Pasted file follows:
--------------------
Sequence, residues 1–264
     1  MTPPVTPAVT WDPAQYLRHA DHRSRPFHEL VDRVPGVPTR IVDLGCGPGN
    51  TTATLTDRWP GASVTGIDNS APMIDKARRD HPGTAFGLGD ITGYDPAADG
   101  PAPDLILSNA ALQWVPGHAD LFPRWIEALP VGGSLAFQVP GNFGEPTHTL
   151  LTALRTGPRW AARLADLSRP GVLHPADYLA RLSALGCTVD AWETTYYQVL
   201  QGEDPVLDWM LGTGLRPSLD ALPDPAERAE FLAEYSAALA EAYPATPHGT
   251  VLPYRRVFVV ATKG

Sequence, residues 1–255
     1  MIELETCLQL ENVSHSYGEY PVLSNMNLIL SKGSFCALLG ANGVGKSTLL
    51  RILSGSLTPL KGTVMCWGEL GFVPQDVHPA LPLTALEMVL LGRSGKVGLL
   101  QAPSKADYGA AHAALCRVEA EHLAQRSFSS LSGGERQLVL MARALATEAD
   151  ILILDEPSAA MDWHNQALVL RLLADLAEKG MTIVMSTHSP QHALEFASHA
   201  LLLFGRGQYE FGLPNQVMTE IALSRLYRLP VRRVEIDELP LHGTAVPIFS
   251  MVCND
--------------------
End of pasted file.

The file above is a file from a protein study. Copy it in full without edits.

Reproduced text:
Sequence, residues 1–264
     1  MTPPVTPAVT WDPAQYLRHA DHRSRPFHEL VDRVPGVPTR IVDLGCGPGN
    51  TTATLTDRWP GASVTGIDNS APMIDKARRD HPGTAFGLGD ITGYDPAADG
   101  PAPDLILSNA ALQWVPGHAD LFPRWIEALP VGGSLAFQVP GNFGEPTHTL
   151  LTALRTGPRW AARLADLSRP GVLHPADYLA RLSALGCTVD AWETTYYQVL
   201  QGEDPVLDWM LGTGLRPSLD ALPDPAERAE FLAEYSAALA EAYPATPHGT
   251  VLPYRRVFVV ATKG

Sequence, residues 1–255
     1  MIELETCLQL ENVSHSYGEY PVLSNMNLIL SKGSFCALLG ANGVGKSTLL
    51  RILSGSLTPL KGTVMCWGEL GFVPQDVHPA LPLTALEMVL LGRSGKVGLL
   101  QAPSKADYGA AHAALCRVEA EHLAQRSFSS LSGGERQLVL MARALATEAD
   151  ILILDEPSAA MDWHNQALVL RLLADLAEKG MTIVMSTHSP QHALEFASHA
   201  LLLFGRGQYE FGLPNQVMTE IALSRLYRLP VRRVEIDELP LHGTAVPIFS
   251  MVCND